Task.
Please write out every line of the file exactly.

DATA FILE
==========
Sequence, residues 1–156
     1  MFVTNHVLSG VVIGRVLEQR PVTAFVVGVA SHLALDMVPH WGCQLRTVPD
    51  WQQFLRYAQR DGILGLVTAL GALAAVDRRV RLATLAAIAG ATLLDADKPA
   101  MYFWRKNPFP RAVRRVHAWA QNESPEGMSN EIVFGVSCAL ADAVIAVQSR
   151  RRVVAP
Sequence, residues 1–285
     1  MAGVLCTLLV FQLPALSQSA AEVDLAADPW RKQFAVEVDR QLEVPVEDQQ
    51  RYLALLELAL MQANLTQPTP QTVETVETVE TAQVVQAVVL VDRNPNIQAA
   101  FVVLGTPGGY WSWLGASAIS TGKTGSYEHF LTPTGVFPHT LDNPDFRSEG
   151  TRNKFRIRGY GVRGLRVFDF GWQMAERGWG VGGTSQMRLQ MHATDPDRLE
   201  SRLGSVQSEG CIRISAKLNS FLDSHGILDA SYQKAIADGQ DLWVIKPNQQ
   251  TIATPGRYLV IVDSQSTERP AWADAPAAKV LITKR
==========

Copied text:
Sequence, residues 1–156
     1  MFVTNHVLSG VVIGRVLEQR PVTAFVVGVA SHLALDMVPH WGCQLRTVPD
    51  WQQFLRYAQR DGILGLVTAL GALAAVDRRV RLATLAAIAG ATLLDADKPA
   101  MYFWRKNPFP RAVRRVHAWA QNESPEGMSN EIVFGVSCAL ADAVIAVQSR
   151  RRVVAP
Sequence, residues 1–285
     1  MAGVLCTLLV FQLPALSQSA AEVDLAADPW RKQFAVEVDR QLEVPVEDQQ
    51  RYLALLELAL MQANLTQPTP QTVETVETVE TAQVVQAVVL VDRNPNIQAA
   101  FVVLGTPGGY WSWLGASAIS TGKTGSYEHF LTPTGVFPHT LDNPDFRSEG
   151  TRNKFRIRGY GVRGLRVFDF GWQMAERGWG VGGTSQMRLQ MHATDPDRLE
   201  SRLGSVQSEG CIRISAKLNS FLDSHGILDA SYQKAIADGQ DLWVIKPNQQ
   251  TIATPGRYLV IVDSQSTERP AWADAPAAKV LITKR